The front door swungopen, Gabe quickly pretended to be adjusting his cans. It was theWife, she was wearing a clingy top and a pair of white shorts. Shebounded down the front steps, got into her minivan and drove away.<I>Damnbut her husband's a lucky guy.</I>Gabe thought."Whatchoolookinat?" his boozy next door neighbor called at him."N-nothing."Gabe said. Blushing furiously he retreated back inside. When the doorwas safely barred and bolted behind him he allowed himself towhisper, "Nothing you scumbag."Week Five</ol>


From the first momentthe blind date had been an unmitigated disaster. From his first lookat the woman he'd known it was going to go badly. What had Homer beenthinking?Gabe sat in the back ofthe taxicab fuming. He was almost mad enough to call Homer right now.When he'd described her as having a wonderful personality that shouldhave been warning enough but hed decided to try his luck anyway. He'dbeen away from the dating scene for too long.The cab slowed beforehis house, Gabe paid the fare and strolled up the walk. He wanted tokick something. He couldn't believe the bitch turned him down. Howcould she afford to be discriminating? Of course she waited untilafter he'd picked up the tab from dinner before she dropped thatlittle bombshell.<I>Speakingof bombshells.</I>He thought as he paused on his front porch. His eyes strayed acrossthe street, sometimes they stayed up late. He wasn't sure what theydid, wither every light on in the house till all hours of the night,but whenever he peeked out the curtains he saw silhouettes flittingacross the venetian blinds. It was almost like they were dancing.Sometimes watching them he imagined he was up there with the Wife andthe Husband was living down here in this crappy tenement.</ol>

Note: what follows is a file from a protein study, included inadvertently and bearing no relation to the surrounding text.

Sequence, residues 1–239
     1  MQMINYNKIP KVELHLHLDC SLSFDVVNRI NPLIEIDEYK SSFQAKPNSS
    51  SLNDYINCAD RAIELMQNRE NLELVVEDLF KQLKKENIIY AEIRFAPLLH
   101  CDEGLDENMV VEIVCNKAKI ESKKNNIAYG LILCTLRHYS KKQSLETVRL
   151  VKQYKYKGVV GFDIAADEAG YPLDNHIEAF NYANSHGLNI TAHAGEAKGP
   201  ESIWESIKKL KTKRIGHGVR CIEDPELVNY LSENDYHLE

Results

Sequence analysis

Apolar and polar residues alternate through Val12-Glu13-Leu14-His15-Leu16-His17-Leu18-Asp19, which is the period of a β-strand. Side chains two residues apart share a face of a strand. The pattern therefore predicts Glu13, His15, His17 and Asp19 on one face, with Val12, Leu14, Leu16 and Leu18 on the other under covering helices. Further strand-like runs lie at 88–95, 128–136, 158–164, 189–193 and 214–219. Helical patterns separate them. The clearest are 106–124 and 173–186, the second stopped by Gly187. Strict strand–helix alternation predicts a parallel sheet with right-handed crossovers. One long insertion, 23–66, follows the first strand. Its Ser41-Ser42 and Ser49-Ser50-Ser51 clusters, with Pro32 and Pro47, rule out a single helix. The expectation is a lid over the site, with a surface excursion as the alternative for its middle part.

Embarrassed at thethoughts filling his head he turned to enter his front. His keysfumbling in the lock he took one last longing glance at the housenext door and did a double take.Was that another couchhe saw sitting on the curb?Gabe couldn't helphimself, he crossed the street and gazed at the cigarette burneddavenport sitting there, one of its cushions were missing, in itsplace sat an record player that looked to Gabe like an antique. Abureau with wobbly legs rounded out this weeks pile.Hepaused a moment, thinking to himself <I>Thisis nuts what if someone else sees?</I>But the impulse was too crazy and too strong for him to deny it. Hewalked up to the bureau and pulled out one of the drawers.It still had clothes init, all neatly folded. Panties and socks, where they hers? How couldthat be? How could he not know she was tossing out all herundergarments? This was too weird. Gabe glanced up at their house,wondering if they had seen him out here. Wondering if they'd care theman from across the street was going through their garbage.</ol>


It was just theirgarbage after all, if they had really cared they wouldn't have put itout on the curb would they?He pulled the seconddrawer out, more clothes, sweaters and ties, expensive looking by thefeel of them. The kind he used to be able to afford.Not certain what he waslooking for he pulled the third drawer out. A gagging scream caughtin his throat. He shoved the drawer closed again and he stumbled backacross the street, tripping on the curb. Sobbing with fear hescrambled to his feet and ran into his house where he slumped to thefloor and tried not to be sick."It was just adoll, just a doll…" He whispered to himself, "Dolls can'tmove…"There was a knock atthe door, a neighborly voice was calling Gabe's name.</ol>